Defendants have met their evidentiary burden and demonstrated the absence of any genuine dispute of material fact. Thus, the burden shifts to Reaser to establish, with appropriate evidence beyond the pleadings, that a genuine dispute material to the case exists. Celotex, 477 U.S. at 324; Fed. R. Civ. P. 56(e)(3) ("If a party fails to properly support an assertion of fact or fails to properly address another party's assertion of fact [by citing to materials in the record including affidavits, relevant documents or other materials], the court may . . . grant summary judgment if the motion and supporting materials—including the facts considered undisputed—show that the movant is entitled to it . . . ."); see also Caldwell v. Warden, FCI Talladega, 748 F.3d 1090, 1098 (11th Cir. 2014) (holding that the court should consider facts pled in a plaintiff's sworn complaint when considering summary judgment). A genuine dispute of material fact exists when the nonmoving party produces evidence that would allow a reasonable factfinder to return a verdict in its favor. Greenberg, 498 F.3d at 1263. The evidence must be admissible at trial, and if the nonmoving party's evidence "is merely colorable . . . or is not significantly probative . . . summary judgment may be granted." Anderson v. Liberty Lobby, Inc., 477 U.S. 242, 249-50 (1986); Fed. R. Civ. P. 56(e). For this reason, a "mere 'scintilla' of evidence supporting the opposing party's position will not suffice." Walker v. Darby, 911 F.2d 1573, 1577 (11th Cir. 1990) (citing Anderson, 477 U.S. at 252). Only disputes involving material facts are relevant, and materiality is determined by the substantive law applicable to the case. Anderson, 477 U.S. at 248.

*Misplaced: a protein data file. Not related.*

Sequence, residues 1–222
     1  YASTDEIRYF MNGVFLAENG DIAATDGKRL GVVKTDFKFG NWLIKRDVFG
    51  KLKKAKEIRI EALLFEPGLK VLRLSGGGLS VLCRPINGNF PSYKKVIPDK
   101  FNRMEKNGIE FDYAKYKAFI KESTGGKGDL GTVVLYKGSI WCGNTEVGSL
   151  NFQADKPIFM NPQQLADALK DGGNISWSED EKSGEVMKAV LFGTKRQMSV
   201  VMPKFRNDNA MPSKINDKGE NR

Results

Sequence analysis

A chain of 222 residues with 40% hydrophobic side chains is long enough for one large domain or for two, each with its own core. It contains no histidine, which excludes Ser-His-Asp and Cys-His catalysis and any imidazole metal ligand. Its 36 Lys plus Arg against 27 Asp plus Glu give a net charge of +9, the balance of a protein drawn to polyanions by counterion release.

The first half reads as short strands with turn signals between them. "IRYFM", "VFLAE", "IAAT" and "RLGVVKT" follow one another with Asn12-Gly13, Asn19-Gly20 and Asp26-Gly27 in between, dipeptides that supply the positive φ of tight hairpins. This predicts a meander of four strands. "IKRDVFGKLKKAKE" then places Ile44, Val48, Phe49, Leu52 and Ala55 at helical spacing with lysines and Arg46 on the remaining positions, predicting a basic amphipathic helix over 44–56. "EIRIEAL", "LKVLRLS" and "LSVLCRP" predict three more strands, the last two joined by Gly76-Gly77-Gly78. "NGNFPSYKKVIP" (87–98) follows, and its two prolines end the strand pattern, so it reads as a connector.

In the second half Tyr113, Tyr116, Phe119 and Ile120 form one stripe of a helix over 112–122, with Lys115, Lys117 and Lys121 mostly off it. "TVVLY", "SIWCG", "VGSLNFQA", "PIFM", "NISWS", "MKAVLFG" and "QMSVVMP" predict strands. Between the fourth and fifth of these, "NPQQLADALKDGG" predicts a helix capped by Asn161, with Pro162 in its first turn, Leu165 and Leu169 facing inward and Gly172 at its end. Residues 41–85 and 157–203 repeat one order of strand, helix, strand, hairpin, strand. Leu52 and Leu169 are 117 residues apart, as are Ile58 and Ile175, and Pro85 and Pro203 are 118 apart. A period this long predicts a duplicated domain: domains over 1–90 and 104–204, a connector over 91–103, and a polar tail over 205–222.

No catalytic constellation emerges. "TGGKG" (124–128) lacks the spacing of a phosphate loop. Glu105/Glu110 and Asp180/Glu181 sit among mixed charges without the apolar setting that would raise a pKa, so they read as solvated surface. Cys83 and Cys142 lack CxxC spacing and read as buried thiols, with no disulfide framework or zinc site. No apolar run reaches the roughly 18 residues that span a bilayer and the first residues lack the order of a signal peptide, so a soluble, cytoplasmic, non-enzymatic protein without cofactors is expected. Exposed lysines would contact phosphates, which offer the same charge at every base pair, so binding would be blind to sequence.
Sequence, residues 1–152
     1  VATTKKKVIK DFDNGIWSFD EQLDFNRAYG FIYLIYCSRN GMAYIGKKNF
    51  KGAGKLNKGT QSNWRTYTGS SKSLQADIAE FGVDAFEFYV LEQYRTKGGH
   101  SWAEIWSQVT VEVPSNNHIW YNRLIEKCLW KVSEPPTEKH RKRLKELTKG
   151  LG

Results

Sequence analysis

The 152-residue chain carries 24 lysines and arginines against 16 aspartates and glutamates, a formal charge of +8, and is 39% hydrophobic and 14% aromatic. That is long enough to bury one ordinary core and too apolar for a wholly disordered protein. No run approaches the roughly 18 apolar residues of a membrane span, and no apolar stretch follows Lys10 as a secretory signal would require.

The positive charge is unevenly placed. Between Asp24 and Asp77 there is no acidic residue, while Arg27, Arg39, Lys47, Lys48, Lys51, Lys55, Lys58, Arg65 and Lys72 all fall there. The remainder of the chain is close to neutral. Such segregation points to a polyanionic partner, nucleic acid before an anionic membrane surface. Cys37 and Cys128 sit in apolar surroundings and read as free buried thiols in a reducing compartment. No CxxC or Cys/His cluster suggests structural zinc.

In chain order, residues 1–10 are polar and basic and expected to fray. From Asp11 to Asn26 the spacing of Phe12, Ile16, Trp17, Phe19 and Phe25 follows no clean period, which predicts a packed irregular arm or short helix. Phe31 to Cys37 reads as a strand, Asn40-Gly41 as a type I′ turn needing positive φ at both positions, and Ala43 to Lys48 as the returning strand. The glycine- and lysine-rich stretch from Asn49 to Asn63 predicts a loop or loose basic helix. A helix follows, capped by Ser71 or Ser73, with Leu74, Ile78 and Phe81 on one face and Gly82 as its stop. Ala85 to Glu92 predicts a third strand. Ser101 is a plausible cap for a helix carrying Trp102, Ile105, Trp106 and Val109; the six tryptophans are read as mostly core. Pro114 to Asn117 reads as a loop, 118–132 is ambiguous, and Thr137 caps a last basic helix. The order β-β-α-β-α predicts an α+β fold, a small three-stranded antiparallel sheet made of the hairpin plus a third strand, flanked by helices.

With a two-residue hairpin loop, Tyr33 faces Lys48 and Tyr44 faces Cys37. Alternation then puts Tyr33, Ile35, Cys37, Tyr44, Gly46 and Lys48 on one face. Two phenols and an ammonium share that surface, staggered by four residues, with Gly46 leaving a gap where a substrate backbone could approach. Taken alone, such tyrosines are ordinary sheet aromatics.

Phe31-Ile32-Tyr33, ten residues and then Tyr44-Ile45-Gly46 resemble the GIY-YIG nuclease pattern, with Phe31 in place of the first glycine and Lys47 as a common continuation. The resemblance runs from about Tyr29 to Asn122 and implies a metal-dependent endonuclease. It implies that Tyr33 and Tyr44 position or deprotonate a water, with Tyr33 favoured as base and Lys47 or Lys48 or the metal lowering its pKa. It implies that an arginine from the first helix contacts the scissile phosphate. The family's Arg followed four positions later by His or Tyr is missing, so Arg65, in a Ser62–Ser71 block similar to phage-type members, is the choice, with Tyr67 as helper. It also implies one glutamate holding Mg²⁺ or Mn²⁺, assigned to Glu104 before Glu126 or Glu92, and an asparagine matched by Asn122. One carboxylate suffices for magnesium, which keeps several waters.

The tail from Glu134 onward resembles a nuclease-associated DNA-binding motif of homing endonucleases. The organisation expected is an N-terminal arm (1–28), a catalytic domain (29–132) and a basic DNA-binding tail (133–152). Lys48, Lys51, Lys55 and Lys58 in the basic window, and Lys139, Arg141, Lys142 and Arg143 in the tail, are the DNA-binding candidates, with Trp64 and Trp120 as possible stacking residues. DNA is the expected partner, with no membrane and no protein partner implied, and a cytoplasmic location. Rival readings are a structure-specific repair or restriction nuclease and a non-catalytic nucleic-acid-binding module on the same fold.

To demonstrate a genuine dispute of material fact, the party opposing summary judgment "must do more than simply show that there is some metaphysical doubt as to the material facts. . . . Where the record taken as a whole could not lead a rational trier of fact to find for the nonmoving party, there is no 'genuine [dispute] for trial.'" Matsushita Elec. Indus. Co. v. Zenith Radio Corp., 475 U.S. 574, 587 (1986). "The evidence of the non-movant is to be believed, and all justifiable inferences are to be drawn in his favor." Anderson, 477 U.S. at 255; see also United States v. Stein, 881 F3d 853 (11th Cir. 2018) (holding that a plaintiff's self-serving and uncorroborated, but not conclusory, statements in an affidavit or deposition may create an issue of material fact which precludes summary judgment); Feliciano v. City of Miami Beach, 707 F.3d 1244, 1253 (11th Cir. 2013) (citations omitted) ("To be sure, [plaintiff's] sworn statements are self-serving, but that alone does not permit us to disregard them at the summary judgment stage. . . . 'Courts routinely and properly deny summary judgment on the basis of a party's sworn testimony even though it is self-serving.'"). "Conclusory, uncorroborated allegations by a plaintiff in an affidavit or deposition will not create an issue of fact for trial sufficient to defeat a well-supported summary judgment motion." Solliday v. F. Officers, 413 F. App'x 206, 207 (11th Cir. 2011) (citing Earley v. Champion Int'l Corp., 907 F.2d 1077, 1081 (11th Cir. 1990)); see also Holifield v. Reno, 115 F.3d 1555, 1564 n.6 (11th Cir. 1997) (holding that conclusory allegations based on subjective beliefs are likewise insufficient to create a genuine dispute of material fact).